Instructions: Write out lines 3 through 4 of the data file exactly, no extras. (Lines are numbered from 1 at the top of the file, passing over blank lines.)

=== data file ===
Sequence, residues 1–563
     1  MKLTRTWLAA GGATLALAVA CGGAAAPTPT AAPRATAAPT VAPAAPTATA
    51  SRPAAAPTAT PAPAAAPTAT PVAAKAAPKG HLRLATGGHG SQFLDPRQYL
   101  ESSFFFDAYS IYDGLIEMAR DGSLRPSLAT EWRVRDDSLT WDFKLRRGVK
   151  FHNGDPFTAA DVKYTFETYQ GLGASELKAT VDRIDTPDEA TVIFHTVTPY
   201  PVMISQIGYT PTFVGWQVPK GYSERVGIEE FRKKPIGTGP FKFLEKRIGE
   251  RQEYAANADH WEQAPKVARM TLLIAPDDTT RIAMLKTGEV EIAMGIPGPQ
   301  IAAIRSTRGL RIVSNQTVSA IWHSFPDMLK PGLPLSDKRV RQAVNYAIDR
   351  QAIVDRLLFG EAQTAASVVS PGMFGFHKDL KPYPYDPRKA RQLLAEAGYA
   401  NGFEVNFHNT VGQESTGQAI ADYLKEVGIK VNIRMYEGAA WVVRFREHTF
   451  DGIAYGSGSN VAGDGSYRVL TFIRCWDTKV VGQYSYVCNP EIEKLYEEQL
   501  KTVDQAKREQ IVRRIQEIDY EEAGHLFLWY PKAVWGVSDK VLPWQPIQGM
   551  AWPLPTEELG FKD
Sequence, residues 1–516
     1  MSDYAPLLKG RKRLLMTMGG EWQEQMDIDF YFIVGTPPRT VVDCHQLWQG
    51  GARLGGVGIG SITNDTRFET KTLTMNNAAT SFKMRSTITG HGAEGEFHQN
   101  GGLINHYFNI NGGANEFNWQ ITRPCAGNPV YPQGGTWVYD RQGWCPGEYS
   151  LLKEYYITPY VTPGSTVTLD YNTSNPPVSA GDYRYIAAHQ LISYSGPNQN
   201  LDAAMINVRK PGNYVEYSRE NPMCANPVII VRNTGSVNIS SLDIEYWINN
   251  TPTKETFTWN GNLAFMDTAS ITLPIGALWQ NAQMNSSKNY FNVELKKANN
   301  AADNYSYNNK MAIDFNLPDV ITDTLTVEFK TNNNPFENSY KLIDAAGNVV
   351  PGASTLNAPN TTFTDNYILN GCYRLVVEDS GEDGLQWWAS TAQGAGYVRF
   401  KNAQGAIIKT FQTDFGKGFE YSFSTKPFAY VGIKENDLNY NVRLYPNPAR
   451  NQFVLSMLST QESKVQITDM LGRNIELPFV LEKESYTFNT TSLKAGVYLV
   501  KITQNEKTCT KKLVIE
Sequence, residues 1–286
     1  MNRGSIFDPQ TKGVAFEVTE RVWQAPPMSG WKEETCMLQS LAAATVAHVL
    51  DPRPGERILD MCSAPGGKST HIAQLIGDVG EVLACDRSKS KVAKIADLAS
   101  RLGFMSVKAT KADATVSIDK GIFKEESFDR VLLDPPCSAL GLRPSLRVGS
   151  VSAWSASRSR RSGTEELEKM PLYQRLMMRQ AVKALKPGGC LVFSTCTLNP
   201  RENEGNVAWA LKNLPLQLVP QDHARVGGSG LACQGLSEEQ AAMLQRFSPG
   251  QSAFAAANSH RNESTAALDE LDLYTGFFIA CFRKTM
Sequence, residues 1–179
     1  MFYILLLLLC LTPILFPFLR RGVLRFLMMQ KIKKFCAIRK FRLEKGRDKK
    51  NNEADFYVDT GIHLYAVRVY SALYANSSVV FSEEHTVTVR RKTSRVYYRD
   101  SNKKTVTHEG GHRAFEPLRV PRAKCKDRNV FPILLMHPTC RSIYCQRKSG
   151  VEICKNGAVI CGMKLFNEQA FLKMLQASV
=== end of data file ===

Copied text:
    51  SRPAAAPTAT PAPAAAPTAT PVAAKAAPKG HLRLATGGHG SQFLDPRQYL
   101  ESSFFFDAYS IYDGLIEMAR DGSLRPSLAT EWRVRDDSLT WDFKLRRGVK